Satisfactory Academic Progress (SAP)

The satisfactory academic progress (SAP) policy applies to all students enrolled in a Council on Occupational Education and Louisiana Board of Regents approved program whether receiving Federal Title IV, HEA funds.
Satisfactory Progress in attendance and academic work is a requirement. Academic work is evaluated on a cumulative basis. Students must maintain SAP to continue eligibility for Title IV, HEA funding.  To determine SAP, all students are evaluated in academics and attendance at the evaluation points listed below.  Students are advised of their academic and attendance status via a progress report.
Satisfactory progress in academic performance and attendance is required to continue as a student in good standing. A diploma will be awarded upon successful completion of requirements of the program
The academic grading system is as follows:

A = 90-100           B =80-89                               C = 70-79                              D = 60-69             F = 59 or below

Students are graded according to the results of written and Practical examinations. Practical evaluations take into consideration performance and production. These grades are recorded on progress reports which are computed monthly. To remain in good academic standing, a student must maintain a least a 70% average and complete the course in the designated time frame. Students who fall below a 70% average may be placed on Academic Probation. 

In accordance with the Student Right to Know and Campus Security Act, below is a list of consumer information. Should you have any questions regarding any of this information, please contact The Learning Bridge Career Institute's Administrative Office at 985-262-4685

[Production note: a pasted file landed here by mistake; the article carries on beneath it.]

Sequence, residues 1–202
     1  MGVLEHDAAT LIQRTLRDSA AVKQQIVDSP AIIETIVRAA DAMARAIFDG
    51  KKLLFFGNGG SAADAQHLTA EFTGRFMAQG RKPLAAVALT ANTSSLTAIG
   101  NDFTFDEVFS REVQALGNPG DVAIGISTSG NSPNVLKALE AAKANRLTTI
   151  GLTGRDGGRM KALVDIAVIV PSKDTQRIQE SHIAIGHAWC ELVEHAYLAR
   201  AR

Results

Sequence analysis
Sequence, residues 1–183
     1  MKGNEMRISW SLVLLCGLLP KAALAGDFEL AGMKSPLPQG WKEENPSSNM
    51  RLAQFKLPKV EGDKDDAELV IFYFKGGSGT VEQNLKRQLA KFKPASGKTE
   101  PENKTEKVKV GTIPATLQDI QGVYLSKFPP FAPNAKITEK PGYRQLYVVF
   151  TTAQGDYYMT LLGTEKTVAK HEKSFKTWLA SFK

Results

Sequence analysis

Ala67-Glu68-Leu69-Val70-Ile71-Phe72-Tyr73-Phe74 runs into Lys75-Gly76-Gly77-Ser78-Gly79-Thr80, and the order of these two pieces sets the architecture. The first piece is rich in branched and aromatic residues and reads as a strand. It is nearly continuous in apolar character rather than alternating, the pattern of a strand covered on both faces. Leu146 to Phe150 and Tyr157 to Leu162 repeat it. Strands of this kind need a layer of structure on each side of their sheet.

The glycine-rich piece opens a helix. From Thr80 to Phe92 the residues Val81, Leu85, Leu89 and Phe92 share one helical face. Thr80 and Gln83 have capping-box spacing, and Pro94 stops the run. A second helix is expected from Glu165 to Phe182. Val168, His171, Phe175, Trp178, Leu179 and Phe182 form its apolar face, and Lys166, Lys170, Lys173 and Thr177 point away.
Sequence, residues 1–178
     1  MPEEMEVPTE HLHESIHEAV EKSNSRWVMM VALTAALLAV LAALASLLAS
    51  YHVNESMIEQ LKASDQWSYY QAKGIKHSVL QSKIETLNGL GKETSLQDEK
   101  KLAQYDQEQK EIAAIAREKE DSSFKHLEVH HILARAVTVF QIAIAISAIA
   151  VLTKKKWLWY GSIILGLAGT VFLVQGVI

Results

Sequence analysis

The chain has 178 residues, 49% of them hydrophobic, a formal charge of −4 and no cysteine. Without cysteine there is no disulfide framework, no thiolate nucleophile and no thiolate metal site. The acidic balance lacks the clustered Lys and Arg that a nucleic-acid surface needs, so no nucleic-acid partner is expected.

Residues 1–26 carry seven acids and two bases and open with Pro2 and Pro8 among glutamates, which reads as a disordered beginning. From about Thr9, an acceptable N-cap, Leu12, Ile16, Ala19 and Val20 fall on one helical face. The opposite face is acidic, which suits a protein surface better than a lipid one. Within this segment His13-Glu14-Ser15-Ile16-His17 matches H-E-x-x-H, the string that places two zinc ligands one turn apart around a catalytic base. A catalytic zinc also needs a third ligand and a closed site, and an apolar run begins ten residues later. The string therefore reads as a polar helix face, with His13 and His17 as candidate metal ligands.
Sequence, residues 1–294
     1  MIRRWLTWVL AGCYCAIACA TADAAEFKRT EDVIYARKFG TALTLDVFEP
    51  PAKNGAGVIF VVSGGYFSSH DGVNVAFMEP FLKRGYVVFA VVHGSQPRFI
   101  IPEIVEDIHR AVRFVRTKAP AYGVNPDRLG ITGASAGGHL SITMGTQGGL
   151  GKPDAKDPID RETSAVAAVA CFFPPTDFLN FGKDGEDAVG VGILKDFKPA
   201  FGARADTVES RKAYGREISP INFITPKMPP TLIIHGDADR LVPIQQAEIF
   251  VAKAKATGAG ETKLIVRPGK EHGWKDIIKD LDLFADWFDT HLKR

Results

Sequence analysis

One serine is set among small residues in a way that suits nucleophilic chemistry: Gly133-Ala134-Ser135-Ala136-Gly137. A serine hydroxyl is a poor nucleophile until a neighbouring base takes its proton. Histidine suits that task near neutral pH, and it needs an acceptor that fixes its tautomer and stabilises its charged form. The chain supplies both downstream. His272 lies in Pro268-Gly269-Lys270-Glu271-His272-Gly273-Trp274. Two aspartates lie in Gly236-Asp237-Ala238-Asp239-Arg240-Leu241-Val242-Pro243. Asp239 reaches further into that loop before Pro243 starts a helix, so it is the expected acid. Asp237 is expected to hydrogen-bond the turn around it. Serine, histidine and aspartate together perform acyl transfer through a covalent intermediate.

Financial Assistance Information

Below you will find links to financial assistance information, including Federal Aid Programs. To retrieve the information, please click on the underlined link of the applicable subject heading.  Financial assistance information, including which Federal Student Aid Programs are available to LBCI's students at in the Medical Billing and Coding Specialist program, can be retrieved by clicking on the "Apply for Financial Aid" tab under the campus headings above Additionally, the Student Finance Department is available to provide information and answer any questions you may have about financing your education.

Important Links

Students with Disabilities

The Learning Bridge Career Institute (LBCI) does not discriminate against students and applicants on the basis of disability, in the administration of its educational and other programs.  LBCI reasonably accommodates qualified students (including applicants) with disabilities as defined by applicable law, if the individual is otherwise qualified to meet the fundamental requirements and aspects of the program of LBCI, without undue hardship to the LBCI.  For purposes of reasonable accommodation, a student or applicant with a disability is a person who has learning, a physical or psychological impairment which limits one or more major life activities (such as walking, seeing, speaking, learning, or working).

To be eligible to continue at LBCI, the student or applicant must meet the qualifications and requirements expected generally of its students, and must also be able to perform the requirements of the individual major or program in which she is enrolled.